The sound recording isn’t that good yet but I am learning how to use the software. My speech speed is rather slow, it doesn’t have the pitch as e.g. is common on TED or with some journalists. You can run the video at a higher speed up to getting me quacking like a duck and approximate that TED idea.
My thanks go to YouTube, Microsoft Expression Encoder and Afsbinwin of Radioactive.com in particular for the present result. I also learned from the software of Diego Uscanga of aTube Catcher and the Audacity team for sound editting, and the Media Player Codec Pack, FFmpeg.org and WinFF (GUI) for converting MWV into MPEG4. It seems that MsEE allows edits and encodings to MWV that are okay for Ms Media Player but that can get stuck in YouTube Processing, so that you can wait for days for something to happen. FFmpeg / WinFF indeed render errors on timestamp ordering in such a MWV file. Repacking that MWV into ASF with Afsbinwin apparently removes such errors, and YouTube Processing accepts the file. The cost is, however, that the sound turns bad at particular places where there has been an edit (not all). This audio drop happens at the same spots both in Asfbinwin and in the conversion from MWV to MPEG4, so I presume that the main problem lies in MsEE indeed. Perhaps Bill Gates can look into this.
While I was waiting for YouTube Processing, I had the chance to look at some videos of “the competition”. YouTube noticed that I was interested in the crisis and thus it presented me with recordings of George Soros, Jim Rogers, Peter Schiff, Richard Duncan, and so on, with various doom scenarios of world economic collapse. Especially the ticking National Debt time bombs draw attention. Deacon Swayne of the British magazine MoneyWeek has a 47 minutes “documentary” on The debt time bomb that is Britain. Though much of that “documentary” is accurate, it turns out to be a long commercial advising you to rely on MoneyWeek. My suggestion is that you watch my Video and check how much is explained of the crisis.
It cannot be denied that Soros, Rogers, Schiff, Duncan, Swayne and others, with their state of knowledge, point to relevant angles in world developments. But they lack the synthesis in economic theory that is presented here. In the same manner, governments study the various scenarios of world development. Their vested interest is to enhance stability rather than scare mongering. You wouldn’t like it when Angela Merkel had a broadcast every week like Peter Schiff about her ideas about the impending world collapse and how everyone should work hard and save for the future. Nevertheless, these governments also lack the proper knowledge, due to the censorship of economic science by the Dutch government (that doesn’t know what it is censoring).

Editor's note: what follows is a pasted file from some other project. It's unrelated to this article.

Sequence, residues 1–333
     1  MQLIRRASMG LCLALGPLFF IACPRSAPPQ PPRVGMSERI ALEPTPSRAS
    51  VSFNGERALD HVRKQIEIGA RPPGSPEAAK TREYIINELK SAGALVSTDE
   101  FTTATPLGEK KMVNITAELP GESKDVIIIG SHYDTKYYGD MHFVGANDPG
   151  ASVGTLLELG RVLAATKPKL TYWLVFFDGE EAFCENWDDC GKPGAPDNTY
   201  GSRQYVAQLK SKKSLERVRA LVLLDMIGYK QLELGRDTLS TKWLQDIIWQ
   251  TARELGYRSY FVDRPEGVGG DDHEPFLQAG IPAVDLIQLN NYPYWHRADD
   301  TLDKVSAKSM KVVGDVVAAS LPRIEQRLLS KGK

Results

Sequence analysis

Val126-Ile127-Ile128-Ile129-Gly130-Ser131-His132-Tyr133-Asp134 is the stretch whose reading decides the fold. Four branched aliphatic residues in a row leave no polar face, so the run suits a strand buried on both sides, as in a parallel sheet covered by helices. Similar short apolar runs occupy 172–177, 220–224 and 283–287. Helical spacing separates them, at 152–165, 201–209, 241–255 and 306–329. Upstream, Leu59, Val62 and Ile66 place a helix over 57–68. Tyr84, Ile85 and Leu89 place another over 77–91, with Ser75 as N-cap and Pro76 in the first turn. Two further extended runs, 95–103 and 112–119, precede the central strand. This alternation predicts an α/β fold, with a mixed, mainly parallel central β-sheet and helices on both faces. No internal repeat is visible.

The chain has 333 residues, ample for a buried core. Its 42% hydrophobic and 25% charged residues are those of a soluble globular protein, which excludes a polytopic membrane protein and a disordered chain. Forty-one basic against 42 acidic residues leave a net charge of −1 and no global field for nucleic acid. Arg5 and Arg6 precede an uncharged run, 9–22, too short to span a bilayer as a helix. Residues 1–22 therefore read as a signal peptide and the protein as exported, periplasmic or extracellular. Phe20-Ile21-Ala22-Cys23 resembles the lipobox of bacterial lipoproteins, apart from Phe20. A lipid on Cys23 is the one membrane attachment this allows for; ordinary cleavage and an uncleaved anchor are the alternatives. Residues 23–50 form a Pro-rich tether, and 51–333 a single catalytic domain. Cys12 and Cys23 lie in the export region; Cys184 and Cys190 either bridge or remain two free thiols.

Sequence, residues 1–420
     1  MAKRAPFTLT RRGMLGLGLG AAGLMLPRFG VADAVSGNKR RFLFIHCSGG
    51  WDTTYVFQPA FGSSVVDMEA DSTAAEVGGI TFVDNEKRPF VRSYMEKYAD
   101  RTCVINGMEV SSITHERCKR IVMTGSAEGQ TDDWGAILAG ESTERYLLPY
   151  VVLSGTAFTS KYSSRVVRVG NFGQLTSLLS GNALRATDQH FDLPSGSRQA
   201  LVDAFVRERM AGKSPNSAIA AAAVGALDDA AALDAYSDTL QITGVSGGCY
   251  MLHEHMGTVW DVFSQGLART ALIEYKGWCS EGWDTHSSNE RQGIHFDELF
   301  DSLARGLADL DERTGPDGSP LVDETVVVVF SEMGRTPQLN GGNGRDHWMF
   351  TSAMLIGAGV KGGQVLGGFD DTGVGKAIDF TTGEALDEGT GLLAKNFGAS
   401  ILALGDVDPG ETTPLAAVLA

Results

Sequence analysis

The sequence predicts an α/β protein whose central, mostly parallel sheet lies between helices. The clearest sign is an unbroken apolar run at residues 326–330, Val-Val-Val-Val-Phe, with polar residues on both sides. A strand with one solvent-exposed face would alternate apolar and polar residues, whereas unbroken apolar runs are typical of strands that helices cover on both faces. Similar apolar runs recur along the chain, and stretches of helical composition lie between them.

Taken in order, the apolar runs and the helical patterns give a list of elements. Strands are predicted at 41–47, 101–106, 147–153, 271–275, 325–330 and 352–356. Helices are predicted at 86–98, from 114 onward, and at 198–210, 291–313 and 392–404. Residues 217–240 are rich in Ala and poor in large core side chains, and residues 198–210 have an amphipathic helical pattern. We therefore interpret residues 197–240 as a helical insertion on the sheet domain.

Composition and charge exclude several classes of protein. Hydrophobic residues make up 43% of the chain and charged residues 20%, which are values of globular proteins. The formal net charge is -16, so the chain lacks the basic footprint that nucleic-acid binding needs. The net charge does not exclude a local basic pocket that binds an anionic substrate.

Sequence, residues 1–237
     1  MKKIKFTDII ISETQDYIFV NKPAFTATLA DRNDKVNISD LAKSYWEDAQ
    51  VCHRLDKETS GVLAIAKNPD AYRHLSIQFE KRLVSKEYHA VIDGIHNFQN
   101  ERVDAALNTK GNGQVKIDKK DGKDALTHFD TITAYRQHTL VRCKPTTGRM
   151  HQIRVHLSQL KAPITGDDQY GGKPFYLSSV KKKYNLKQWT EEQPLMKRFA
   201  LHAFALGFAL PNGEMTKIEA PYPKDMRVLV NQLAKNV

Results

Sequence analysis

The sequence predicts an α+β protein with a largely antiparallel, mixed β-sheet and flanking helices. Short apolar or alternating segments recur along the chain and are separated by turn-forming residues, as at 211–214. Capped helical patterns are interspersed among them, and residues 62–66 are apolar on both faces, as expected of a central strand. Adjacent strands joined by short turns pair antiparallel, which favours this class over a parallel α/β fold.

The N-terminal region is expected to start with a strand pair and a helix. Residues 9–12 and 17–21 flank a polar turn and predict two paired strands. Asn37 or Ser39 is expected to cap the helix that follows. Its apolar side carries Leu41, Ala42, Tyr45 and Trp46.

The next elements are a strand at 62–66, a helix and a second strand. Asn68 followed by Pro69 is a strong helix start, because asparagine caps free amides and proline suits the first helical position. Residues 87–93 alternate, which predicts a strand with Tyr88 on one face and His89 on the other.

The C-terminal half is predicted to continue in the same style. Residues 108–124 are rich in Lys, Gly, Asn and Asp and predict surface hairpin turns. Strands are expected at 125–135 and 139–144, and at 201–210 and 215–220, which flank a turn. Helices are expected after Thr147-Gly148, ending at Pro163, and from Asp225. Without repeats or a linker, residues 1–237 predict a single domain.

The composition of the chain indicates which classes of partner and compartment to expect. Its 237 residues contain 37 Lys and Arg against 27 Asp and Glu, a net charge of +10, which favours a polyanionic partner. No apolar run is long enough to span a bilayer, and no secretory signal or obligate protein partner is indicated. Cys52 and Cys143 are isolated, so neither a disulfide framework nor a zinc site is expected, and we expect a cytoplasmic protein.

I did enjoy the video by Bill Still on the Wizard of Oz. I knew from years back that the “Yellow Brick Road” was a reference to the gold standard, and so on, but Bill fills in historical details. It is also a serious issue whether money is in control by the state or by private banks, see my paper Money as gold versus money as water (2013). It is a no-brainer that money better be controlled by a democratic government.
It is a logical mismatch when the supply of money is associated with a rate of interest. If a private central bank with a monopoly on money creates a supply of 100 bn dollars in paper bills for use by the general public, and this supply is returned by the public to the bank at the end of the year, then it is physically impossible that the public can also pay an additional 5% rate of interest in terms of said paper bills, since all 100 bn dollars in paper bills have already been returned. It gives curious psychological power to such a bank to demand that the 5% interest is paid in terms of its own bills, though everyone should start laughing that the bank demands bills that it hasn’t issued itself. The current arrangements for the US Federal Reserve and the Bank of England suggest that there is private profit taking at the expense of those governments for no good reason (except lack of economic understanding in parliaments).
But it is incorrect when Bill Still suggests that issuance of money by the government means that there will be no National Debt. It is still possible that the government borrows from the public and builds up debt. It is advisable that the government does so, since e.g. pensioners would want a secure investment. That the current National Debts are excessive, is another story, see my Video.